The revised medium and the work presented here establish baseline conditions for future studies focused on the interaction of multiple deficiencies and/or toxicities that require the ability to measure intracellular metal quotas and compare them between experiments and between laboratories.
Culturing and strains
Chlamydomonas reinhardtii wild-type strains CC-3269, CC-425, CC-125 and CC-1690 were cultured under 50–100 μmol m−2 sec−1 illumination in TAP and TP media with the specified trace element supplements. These strains may be obtained from the Chlamydomonas Resource Center at the University of Minnesota. For metal-free studies, all glassware was freshly washed in 6 N hydrochloric acid and medium was made in Milli-Q (Millipore, http://www.millipore.com) water (Quinn and Merchant, 1998).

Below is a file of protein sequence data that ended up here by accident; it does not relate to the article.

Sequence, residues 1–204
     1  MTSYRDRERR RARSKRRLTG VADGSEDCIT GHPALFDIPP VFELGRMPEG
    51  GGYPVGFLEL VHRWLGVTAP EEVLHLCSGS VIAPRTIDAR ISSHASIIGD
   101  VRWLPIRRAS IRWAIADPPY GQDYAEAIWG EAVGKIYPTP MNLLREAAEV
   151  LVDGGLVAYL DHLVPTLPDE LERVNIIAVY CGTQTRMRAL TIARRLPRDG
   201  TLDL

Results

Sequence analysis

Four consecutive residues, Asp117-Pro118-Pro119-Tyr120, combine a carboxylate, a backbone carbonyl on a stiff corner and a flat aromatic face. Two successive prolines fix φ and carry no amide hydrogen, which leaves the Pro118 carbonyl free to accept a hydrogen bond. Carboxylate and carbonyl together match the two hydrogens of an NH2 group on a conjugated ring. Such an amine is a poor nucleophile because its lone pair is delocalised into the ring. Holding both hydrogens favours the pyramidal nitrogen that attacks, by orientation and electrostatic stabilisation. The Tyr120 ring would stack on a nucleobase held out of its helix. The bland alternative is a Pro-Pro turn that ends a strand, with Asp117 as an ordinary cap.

Trace element solutions
Hutner’s trace element solution was made according to the protocol described in Harris (2009). A detailed protocol for the revised trace element supplement is available in Appendix S1. Briefly, stock solutions of 25 mm EDTA-Na2, 28.5 μm (NH4)6Mo7O24, 0.1 mm Na2SeO3, 2.5 mm ZnSO4 in 2.75 mm EDTA, 6 mm MnCl2 in 6 mm EDTA, 20 mm FeCl3 in 22 mm EDTA and 2 mm CuCl2 in 2 mm EDTA were made individually in Milli-Q water, and were then stored away from direct sunlight at room temperature. Each stock solution was diluted 1:1000 in the final growth medium.